Last night I started re-watching HBO‘s fantastic WWII miniseries Band of Brothers. I’m part-way through the second episode–I would have continued watching but it was already passed my bedtime!–but there was a scene, and in particular a line, in the first episode that really struck me as a great encapsulation of what it means to be a leader.
While driving across the base, Lt. Winters admonishes 2nd Lt. Buck Compton for gambling with his men. Compton protests, saying that soldiers gamble and he was just spending some time getting to know his men.
At this point we get a glimpse of Lt. Compton’s leadership style as he offers up his justification for his actions. He was getting to know his men, he says; where’s the harm in that? It’s what soldiers do, he explains. He obviously wants to be a good leader and believes that relating with his men on a more personal level will pay dividends in loyalty, dedication, etc. These are reasonable ends, and his style is probably increasingly familiar to most of us in modern office life.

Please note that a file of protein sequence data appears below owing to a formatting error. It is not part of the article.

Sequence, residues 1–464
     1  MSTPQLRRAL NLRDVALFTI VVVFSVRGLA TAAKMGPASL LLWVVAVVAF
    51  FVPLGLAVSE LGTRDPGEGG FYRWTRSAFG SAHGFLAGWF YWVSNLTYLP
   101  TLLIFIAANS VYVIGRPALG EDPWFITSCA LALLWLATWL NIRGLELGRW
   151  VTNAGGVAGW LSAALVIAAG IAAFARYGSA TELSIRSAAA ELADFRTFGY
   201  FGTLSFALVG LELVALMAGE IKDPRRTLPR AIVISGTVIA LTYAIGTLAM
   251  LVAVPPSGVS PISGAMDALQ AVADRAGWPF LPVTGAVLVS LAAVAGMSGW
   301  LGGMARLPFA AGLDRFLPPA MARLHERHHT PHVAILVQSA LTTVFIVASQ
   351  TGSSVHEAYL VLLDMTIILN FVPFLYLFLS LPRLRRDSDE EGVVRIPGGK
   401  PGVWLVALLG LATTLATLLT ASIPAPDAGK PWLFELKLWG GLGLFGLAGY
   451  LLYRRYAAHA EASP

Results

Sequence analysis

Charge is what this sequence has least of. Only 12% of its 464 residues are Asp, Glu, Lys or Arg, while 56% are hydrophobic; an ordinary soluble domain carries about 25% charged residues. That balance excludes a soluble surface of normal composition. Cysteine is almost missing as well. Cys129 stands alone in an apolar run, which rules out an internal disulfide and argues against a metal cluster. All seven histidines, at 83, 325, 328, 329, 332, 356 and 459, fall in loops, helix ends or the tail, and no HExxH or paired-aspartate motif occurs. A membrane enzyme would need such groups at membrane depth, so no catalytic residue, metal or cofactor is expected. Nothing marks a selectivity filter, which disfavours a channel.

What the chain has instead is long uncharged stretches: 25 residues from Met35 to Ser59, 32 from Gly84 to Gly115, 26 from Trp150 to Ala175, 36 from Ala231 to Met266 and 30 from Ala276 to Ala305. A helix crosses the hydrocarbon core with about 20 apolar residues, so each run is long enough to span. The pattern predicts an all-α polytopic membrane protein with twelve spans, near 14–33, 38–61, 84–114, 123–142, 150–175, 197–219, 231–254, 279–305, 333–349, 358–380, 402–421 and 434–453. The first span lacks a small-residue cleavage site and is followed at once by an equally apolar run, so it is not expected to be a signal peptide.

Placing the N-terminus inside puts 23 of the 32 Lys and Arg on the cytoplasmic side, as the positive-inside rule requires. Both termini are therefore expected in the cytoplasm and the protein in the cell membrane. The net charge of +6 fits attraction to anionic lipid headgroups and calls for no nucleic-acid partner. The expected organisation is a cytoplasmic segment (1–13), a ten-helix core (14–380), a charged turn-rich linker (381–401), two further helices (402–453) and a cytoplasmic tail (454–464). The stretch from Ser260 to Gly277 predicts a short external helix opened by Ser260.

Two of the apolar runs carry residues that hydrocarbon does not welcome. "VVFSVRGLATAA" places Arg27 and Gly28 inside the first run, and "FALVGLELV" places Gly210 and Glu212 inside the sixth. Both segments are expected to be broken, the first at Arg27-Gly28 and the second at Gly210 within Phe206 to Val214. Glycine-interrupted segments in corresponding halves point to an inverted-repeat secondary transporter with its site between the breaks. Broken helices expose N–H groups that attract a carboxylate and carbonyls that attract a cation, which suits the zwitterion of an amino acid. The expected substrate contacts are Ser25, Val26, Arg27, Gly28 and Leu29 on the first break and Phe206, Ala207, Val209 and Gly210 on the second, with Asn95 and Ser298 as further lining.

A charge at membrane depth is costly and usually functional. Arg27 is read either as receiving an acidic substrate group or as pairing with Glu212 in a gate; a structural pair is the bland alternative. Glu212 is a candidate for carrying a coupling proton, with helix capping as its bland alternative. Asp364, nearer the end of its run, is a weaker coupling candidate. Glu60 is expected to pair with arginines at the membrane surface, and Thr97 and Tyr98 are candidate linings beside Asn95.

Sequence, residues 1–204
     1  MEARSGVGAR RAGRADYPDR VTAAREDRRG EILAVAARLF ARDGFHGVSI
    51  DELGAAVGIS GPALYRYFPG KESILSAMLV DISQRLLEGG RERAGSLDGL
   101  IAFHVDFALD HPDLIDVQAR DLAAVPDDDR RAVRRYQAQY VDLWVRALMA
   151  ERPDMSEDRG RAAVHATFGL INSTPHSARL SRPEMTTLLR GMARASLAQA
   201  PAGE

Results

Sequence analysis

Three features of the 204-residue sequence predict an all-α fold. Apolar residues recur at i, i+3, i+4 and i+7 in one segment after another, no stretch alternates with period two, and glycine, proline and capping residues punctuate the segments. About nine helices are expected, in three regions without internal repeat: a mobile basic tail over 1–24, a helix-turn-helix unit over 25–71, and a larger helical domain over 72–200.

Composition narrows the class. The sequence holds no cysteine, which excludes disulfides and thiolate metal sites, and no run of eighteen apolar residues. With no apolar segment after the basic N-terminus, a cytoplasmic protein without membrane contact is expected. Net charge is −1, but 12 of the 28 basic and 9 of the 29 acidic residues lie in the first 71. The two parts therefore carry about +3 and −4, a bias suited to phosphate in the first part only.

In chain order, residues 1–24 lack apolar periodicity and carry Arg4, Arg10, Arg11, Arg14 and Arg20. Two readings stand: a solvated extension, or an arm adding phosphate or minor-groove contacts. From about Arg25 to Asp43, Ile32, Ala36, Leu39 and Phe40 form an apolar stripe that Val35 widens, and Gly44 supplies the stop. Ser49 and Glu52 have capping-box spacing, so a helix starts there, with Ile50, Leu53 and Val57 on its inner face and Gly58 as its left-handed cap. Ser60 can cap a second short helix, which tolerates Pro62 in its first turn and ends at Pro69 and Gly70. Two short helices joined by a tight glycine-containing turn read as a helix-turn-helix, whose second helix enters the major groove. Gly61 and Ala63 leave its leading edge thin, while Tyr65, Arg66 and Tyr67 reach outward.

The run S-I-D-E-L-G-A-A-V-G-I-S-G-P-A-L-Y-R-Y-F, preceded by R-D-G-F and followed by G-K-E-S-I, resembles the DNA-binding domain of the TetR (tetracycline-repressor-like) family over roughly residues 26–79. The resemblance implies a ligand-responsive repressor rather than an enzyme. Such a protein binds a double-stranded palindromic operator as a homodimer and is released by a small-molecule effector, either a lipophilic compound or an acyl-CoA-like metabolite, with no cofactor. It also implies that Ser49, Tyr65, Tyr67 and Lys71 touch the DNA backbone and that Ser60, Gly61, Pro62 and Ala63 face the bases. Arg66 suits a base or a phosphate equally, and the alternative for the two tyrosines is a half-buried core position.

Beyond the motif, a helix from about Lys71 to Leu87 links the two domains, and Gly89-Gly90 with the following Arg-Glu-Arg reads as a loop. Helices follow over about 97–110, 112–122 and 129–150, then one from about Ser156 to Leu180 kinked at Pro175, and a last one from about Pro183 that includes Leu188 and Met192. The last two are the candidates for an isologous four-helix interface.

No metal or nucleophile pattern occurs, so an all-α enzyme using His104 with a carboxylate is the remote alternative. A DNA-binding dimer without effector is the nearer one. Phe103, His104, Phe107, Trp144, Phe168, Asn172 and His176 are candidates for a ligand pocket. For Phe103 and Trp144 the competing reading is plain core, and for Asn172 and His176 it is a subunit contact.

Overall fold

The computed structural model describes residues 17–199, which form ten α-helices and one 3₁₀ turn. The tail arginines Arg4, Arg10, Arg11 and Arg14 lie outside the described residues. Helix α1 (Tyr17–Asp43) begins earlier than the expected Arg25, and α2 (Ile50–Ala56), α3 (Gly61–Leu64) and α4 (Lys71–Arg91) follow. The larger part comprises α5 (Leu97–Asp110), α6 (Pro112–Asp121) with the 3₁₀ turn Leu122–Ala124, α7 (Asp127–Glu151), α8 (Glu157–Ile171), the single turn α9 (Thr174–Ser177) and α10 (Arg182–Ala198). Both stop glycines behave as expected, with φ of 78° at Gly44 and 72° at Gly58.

However, as the scene nears its conclusion, Lt. Winters asks bluntly, “what if you’d have won?” Lt. Compton is confused. The jeep comes to a stop. Exiting the vehicle Lt. Winters turns and delivers his one-sentence lesson on leadership: “Never put yourself in a position where you can take from these men.”
With this simple statement Lt. Winters pinpoints the essence of leadership: service. Leaders exist to serve, not to be served. To say this is lost on a lot of people is an understatement. Of course the drama and gravity of being at war lends the comment a bit more weight, but even in the most mundane of office settings, it still holds true.